Evelyn Richardson

Lessons learned from experience serve us well. My problem is not sticking to what I've learned.

Once an item has been stored in the same place in the house for decades, I'd better not move it. If I go ahead, it may be lost for eternity.

You know how we do: We stick something in a drawer, maybe just to get it out of sight temporarily, and that becomes its home, no matter how illogical.

Occasionally my home management principles kick in and I rearrange. I make an effort to put like things together, tools near where they are needed--decisions like that.

I'm proud of the finished project, but there's a repeating inner voice that keeps telling me, "You'll forget where that is!" And what happens? When I need it, I keep going back to the old familiar spot over and over again, thinking I might not be looking thoroughly. A faint remembrance of moving the item never reveals the current site.

I've lived long enough in this consumer world to be suspicious of a label that says "New and Improved." If a product has sold well for decades and continues to move off the shelf in stores, there should be no reasonable reason to tamper with it. My shopping list has carried it for years, so I go on and buy, plus an extra one, since the "Limited Special" gives a dollar off the usual price.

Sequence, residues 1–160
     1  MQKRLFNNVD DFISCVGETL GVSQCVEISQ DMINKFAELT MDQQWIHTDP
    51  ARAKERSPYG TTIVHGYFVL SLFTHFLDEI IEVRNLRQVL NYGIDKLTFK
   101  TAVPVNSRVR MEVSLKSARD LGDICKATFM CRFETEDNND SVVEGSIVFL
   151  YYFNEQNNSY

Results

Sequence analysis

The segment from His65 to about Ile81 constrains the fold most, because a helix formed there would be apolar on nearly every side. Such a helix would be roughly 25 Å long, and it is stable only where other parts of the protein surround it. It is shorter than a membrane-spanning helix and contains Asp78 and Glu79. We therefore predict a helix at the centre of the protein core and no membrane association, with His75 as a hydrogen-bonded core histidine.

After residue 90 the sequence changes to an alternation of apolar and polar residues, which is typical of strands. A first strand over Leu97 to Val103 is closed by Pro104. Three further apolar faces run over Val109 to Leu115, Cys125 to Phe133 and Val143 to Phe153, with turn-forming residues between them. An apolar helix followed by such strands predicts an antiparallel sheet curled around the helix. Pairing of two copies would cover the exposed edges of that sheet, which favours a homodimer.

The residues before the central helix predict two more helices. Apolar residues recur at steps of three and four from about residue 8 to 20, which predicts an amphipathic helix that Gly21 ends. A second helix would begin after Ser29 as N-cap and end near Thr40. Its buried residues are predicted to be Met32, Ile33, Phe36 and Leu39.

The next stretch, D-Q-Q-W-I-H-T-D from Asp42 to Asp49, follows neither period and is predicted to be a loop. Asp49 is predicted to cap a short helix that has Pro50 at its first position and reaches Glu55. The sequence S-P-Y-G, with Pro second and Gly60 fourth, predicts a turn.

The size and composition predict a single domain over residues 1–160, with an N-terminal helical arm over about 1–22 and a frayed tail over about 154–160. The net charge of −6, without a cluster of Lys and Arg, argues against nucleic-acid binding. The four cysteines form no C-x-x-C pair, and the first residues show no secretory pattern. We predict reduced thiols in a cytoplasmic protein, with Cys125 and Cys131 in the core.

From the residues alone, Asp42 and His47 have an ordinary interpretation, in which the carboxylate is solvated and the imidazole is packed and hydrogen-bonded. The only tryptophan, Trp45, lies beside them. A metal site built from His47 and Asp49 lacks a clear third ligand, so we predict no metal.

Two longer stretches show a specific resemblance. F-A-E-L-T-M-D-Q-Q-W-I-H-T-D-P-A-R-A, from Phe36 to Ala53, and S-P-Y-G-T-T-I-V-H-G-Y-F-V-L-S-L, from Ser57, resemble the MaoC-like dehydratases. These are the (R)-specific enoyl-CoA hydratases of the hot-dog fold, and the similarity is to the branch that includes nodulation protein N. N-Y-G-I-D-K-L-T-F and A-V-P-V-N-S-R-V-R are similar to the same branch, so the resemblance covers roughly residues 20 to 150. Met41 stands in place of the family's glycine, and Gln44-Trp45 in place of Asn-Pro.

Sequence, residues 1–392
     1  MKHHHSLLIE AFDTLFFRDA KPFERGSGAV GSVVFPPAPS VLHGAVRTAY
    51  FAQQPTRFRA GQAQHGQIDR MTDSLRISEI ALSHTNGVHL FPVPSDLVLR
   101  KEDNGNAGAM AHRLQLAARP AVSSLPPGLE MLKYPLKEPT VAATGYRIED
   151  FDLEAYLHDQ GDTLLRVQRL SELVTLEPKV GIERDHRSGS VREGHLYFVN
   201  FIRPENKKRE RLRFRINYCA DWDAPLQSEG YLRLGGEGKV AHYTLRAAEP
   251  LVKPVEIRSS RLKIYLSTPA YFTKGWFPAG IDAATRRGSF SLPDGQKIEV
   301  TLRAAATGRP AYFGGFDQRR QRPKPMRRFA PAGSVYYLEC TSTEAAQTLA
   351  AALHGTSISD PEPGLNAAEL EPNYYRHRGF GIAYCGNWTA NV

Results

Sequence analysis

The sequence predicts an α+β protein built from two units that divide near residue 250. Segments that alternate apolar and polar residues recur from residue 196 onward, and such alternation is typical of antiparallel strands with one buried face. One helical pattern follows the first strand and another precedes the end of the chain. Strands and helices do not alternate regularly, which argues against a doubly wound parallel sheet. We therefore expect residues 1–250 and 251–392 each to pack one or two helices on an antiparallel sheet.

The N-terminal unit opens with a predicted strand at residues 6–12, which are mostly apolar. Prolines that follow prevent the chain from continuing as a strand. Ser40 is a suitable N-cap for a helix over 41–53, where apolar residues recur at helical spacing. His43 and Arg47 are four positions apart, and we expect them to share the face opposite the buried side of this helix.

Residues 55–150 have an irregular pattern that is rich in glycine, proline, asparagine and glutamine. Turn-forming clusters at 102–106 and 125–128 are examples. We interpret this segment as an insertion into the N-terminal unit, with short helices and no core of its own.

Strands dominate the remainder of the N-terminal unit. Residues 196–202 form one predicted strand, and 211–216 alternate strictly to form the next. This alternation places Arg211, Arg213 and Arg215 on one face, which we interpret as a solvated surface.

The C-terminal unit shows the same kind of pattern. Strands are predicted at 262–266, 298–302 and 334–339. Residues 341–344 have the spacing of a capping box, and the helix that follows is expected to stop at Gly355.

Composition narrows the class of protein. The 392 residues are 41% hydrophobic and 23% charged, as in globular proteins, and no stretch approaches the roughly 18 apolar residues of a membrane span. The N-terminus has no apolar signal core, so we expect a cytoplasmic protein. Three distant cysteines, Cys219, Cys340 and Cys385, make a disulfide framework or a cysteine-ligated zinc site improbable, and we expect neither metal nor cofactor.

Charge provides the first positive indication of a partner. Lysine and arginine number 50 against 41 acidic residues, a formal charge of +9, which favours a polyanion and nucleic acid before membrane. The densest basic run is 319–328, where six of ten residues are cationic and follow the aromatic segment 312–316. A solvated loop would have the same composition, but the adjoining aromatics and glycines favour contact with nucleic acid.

So far I have not liked any new and improved as well as the old and good. Something is missing from the cleaning power, flavor, smell, effectiveness, texture...with which I previously had been totally satisfied. And you can bet the price per ounce is higher and there's less in the carton. I'm unhappily stuck with using it all (remember the double value deal) because I am too frugal to do otherwise.

Painting (things, not art) for me is never more than a small-scale project: flower planter, wrought iron patio stool--objects like that. Yet I know, from experience, that I will get as much paint on me as I would if painting an entire room.

It's a given that I must put on clothes from head to toe that are already discards. I'll drip paint on shoes, rub against a wet surface, get paint on my hands and transfer it to several spots before I notice. Whatever way there is to make a mess, I will do it.

Since I never learn, I'll occasionally lie to myself and promise to be very careful with a little bitty job and not change clothes in order to save time. As soon as I pry the lid off the can and dip in the brush a spatter has ruined a perfectly good shirt. What can I say?